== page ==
Monday, January 30, 2012

A Month of Kindness

It's been a month since I started my kindness project.  So what have I learned?

I've learned that 140 characters isn't very many.  I've learned that people define kindness differently.  I've learned that reading and posting a great kindness quotation in the morning doesn't mean I'm going to be kind all day.  I've learned that I can't be truly kind and cranky at the same time (although a kind moment can peek through a cranky cloud).  I've learned that having a single focus for an entire day is tough.

I did not grow up in a house filled with kindness.  I was not taught to be kind.  I learned lots of good things in my home, but I wouldn't say kindness was one of them.  I grew up in a home with a lot of sarcasm, a lot of yelling, a lot of fighting.  Not always, of course, but those things stuck with me.

Kindness was something I found outside my home. 

My grandmother was kind.  There was something different about her that drew me in.  An unconditional love.  Did she talk to me about kindness?  I don't remember.  But she treated me kindly.

And I'd say that is how I learned kindness -- by others being kind to me.  Kind people popped up in my life often.  They were heroes to me.   I wanted to be like them.  To this day, truly kind people will always be a draw for me.  It's like a magic power.

I've tried to be kind.  Sometimes I've succeeded; sometimes, not so much.  But I've really been struggling with it lately.  Especially in my home.

That's why I chose this word.  I want to be more kind.  I want to feel it in my heart.  I want to feel it so much that I can't contain it, that it is bursting from my seams.  I want to radiate kindness.

I've been working on it for a month and I'm not there yet.  Not even close.  I go like gang busters for a while and then fall flat.  Out comes the sarcastic remark or snotty comment.  I can apologize (although I often don't), but that won't take back what I said.

Change is hard.

It's possible that some of my difficulty is because I'm struggling with my emotional/mental/physical health.  It's always more difficult to be kind when I don't feel well.

Can I be kind when I am miserable?  Is it possible? 

I think so.  I haven't proven it yet.  The experiment goes on.

I'm going to broaden my word choice a bit.  I'm going to include words which I feel connect to or are an aspect of kindness.  Words like charity, respect, compassion.  One word just wasn't enough to capture the change I'm looking for.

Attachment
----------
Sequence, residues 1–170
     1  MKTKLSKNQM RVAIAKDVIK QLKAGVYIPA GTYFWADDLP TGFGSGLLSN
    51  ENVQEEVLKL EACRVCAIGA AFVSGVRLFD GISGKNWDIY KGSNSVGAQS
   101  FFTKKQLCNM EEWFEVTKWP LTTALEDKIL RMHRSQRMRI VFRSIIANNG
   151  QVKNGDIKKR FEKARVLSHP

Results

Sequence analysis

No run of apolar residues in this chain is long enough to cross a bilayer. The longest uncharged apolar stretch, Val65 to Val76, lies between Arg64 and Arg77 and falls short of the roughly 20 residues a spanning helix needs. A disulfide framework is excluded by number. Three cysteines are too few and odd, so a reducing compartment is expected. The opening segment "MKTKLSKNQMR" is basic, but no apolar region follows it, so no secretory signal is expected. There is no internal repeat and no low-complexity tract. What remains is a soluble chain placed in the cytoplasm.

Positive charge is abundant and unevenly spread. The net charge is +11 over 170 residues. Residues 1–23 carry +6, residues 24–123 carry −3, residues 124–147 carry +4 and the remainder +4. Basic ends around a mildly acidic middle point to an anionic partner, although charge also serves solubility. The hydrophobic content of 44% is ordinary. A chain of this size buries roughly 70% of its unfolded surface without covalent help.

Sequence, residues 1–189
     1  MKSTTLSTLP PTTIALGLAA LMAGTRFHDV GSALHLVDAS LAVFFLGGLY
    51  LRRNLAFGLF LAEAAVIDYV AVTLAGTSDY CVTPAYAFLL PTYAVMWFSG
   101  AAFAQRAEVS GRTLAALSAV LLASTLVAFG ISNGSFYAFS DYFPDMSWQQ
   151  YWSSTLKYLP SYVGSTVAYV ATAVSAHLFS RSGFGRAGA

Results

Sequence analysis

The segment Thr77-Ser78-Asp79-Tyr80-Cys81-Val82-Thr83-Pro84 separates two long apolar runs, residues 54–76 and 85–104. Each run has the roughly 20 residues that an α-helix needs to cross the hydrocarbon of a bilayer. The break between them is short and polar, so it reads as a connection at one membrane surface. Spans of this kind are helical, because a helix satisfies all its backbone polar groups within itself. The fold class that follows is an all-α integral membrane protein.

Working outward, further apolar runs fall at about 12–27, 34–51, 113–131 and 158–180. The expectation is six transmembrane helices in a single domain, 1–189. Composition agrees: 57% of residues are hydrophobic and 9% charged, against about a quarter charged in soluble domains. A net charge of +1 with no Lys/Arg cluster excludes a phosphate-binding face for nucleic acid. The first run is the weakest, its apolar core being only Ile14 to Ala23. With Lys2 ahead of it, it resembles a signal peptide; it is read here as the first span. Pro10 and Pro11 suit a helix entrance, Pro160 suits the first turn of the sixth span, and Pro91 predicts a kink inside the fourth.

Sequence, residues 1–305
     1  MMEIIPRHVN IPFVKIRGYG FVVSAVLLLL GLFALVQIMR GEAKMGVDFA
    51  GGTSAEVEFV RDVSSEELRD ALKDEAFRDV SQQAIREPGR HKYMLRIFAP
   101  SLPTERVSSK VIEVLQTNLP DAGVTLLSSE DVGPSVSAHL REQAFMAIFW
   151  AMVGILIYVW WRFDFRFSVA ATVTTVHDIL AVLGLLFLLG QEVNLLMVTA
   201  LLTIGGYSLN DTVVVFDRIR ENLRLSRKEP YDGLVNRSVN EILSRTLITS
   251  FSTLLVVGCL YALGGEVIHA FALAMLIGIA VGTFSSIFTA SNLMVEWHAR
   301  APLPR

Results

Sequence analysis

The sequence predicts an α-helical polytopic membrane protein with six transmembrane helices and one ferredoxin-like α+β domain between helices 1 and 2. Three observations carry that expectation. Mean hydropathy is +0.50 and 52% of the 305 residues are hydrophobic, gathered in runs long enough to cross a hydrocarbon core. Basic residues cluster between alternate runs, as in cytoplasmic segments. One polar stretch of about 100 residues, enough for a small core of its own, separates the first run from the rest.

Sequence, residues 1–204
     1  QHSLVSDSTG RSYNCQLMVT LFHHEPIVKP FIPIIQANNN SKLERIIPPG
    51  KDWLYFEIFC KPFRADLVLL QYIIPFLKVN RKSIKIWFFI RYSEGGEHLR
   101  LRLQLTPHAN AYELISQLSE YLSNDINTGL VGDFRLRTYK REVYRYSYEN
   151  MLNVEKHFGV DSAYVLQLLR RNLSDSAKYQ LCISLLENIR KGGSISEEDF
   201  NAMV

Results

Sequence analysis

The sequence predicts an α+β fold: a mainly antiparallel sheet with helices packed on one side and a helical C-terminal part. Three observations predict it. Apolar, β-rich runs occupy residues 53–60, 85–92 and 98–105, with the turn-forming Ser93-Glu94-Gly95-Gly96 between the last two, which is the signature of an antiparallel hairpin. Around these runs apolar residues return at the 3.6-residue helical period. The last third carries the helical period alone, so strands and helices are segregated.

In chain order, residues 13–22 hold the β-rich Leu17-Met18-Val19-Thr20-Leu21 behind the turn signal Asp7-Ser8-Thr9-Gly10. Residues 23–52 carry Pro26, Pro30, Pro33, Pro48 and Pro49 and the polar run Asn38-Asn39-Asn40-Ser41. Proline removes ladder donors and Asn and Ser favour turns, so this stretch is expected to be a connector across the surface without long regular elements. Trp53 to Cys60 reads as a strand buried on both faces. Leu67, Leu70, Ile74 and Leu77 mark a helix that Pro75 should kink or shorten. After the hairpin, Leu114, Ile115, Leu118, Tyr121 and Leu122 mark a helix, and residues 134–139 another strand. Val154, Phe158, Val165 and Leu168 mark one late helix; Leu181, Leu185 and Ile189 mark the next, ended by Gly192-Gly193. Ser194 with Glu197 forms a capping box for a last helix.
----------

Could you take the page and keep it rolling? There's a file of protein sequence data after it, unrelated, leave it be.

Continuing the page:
Monday, January 23, 2012

I'm Crazy -- It's Official

I don't think it will come as a surprise to anyone who knows me well that I've been struggling.  In fact, it probably won't surprise anyone who reads my blog, is my friend on facebook, or follows me on Twitter.  I wouldn't even be shocked if the mailman knows.  I've tried to fake it but suspect I haven't been doing a very good job.

I have needed to see my doctor for months.  I have been ill.  I have had pains that should be addressed or checked.  I have run out of meds that made my life a little easier.  And I was past due for my annual checkup.  Why didn't I go?  Ironically, because I didn't feel well enough.

I understand that sounds ridiculous.  I didn't go to the doctor because I didn't feel well enough.  But it's the honest truth.

I have been white-knuckling my life.  Holding on with both hands to keep it all from falling apart.  Picking up what I could of those things I dropped.  And trying to smile and say, "No, really, I'm fine."

But I wasn't.  I'm not.  And I finally went to the doctor.

I went because I couldn't get my meds refilled without going.  And because my husband caught me in a moment of meltdown and offered to get me an appointment.

After all the opening fun of being weighed and giving a urine sample, I changed into the lovely gown and drape and waited for the doctor.  My tension was rising as I knew I needed to discuss everything with him.  I needed to give him as complete a list of the mess of my life as possible so we could work together to find a direction.  And I had a written list just to make sure I hit it all.

He came in, we went through the normal review of medical history, and then I asked if I could give him more information.

And I did.  I shared my history of abuse, my struggles with fatigue and pain, and the new things that have come up.  I was as brief as possible.  I fought through tears.  I said what I needed to say.